The evolution into a Reformist
Raja Ram Mohan Roy was born on 22 May 1772 in Radhanagar village of Murshidabad district in West Bengal. He had differences with his father, a Hindu Brahmin, over Hindu religion and therefore; he left home at a very young age and travelled to Himalayas. On returning home, his parents married him off hoping this would change his outlook towards the religion.
Sought reforms within the Hindu religion
Raja Ram Mohan Roy founded Brahmo Samaj in 1828. It believes in the existence of One Supreme God-having the personality and attributes of preserving the Universe-whose worship needs no fixed place or time. The followers of Brahmo Samaj, called Brahmo Samajists, do not believe in idol-worship, do not discriminate on the basis of caste, creed or religion. Fundamentally, his ideas of religion sought to create a fair and just society.
Shunned orthodoxy and fought many social evils
He crusaded against the brutal practice of Sati, which forced women to immolate themselves on their husbands’ pyre. He also championed other women causes like right to property and the right to remarry. He also worked for eradicating other social evils like child marriage, illiteracy, caste system, infanticide, etc. from the society.
Education as a tool to eradicate social evils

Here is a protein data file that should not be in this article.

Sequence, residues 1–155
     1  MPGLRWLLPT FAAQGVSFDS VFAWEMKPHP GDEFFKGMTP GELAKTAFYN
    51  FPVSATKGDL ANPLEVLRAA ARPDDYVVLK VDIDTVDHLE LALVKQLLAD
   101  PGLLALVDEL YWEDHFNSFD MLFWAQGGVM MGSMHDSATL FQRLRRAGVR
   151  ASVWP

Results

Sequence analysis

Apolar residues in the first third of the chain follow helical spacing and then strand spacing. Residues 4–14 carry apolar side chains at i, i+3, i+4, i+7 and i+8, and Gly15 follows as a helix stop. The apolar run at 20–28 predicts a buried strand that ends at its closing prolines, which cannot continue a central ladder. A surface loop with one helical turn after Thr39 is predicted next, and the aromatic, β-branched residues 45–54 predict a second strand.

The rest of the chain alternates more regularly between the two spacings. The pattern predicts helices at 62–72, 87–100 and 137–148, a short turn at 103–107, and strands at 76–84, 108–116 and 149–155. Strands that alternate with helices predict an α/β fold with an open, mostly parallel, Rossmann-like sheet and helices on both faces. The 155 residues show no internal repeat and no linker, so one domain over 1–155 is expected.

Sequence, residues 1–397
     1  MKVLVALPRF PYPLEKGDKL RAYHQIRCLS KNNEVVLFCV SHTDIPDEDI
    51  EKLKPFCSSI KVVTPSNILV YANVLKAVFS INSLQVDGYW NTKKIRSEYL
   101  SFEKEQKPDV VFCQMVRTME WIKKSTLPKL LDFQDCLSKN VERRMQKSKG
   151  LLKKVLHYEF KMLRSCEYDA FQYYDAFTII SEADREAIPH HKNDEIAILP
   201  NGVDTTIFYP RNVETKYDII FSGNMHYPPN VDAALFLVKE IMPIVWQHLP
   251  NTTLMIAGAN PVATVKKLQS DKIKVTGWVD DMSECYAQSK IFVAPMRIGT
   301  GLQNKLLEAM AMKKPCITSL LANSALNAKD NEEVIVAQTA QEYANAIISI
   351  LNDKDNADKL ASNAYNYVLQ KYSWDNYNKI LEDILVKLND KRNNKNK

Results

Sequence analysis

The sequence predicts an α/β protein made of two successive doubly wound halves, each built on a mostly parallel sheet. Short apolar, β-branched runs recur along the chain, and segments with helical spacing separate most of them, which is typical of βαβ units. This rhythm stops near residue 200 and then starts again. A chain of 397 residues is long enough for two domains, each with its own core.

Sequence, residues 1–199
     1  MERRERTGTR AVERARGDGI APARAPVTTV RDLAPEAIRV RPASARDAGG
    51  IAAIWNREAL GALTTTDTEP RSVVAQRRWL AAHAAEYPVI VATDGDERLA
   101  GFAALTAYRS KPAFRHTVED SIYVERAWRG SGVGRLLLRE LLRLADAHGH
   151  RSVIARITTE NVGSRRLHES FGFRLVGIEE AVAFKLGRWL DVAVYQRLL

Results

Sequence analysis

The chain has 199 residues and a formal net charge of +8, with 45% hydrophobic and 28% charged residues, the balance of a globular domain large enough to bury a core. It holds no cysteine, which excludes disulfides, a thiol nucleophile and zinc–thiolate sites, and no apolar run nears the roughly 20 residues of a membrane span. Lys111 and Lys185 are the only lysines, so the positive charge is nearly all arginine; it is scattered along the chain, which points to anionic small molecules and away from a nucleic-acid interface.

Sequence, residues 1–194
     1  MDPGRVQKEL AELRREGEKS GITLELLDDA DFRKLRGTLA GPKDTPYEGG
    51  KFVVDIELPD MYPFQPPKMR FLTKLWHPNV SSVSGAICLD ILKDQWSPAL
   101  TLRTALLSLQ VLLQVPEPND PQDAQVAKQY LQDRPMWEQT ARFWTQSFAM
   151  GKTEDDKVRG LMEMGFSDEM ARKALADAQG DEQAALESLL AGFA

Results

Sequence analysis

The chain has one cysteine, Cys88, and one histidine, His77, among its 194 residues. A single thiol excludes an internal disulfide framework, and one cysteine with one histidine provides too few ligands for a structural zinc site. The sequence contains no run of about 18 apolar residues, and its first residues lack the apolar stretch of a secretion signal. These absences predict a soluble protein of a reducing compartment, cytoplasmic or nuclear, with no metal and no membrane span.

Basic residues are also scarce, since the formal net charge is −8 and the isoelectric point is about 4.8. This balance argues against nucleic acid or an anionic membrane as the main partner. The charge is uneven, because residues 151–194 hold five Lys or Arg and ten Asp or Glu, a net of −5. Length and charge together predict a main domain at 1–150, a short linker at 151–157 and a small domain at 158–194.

Raja Ram Mohan Roy considered education as an instrument to bring social reforms in the Hindu society marred with superstitious practices. According to him, these practices were the reasons because of which the British could claim moral superiority over India and justify its colonization. In 1817, he had set up Hindu College at Calcutta. In 1822, he founded Anglo-Hindu school followed by Vedanta College in 1826. These institutions taught his teachings of monotheism along with a modern-western curriculum.
Reformist till the last breath
Raja Ram Mohan Roy died of meningitis in Bristol on 27 September 1833 and was buried in Arnos Vale Cemetery in Bristol. Three years before he died, he travelled to the United Kingdom as an ambassador of the Mughal Empire to ensure that Lord William Bentick’s proposal to abolish Sati did not get overturned.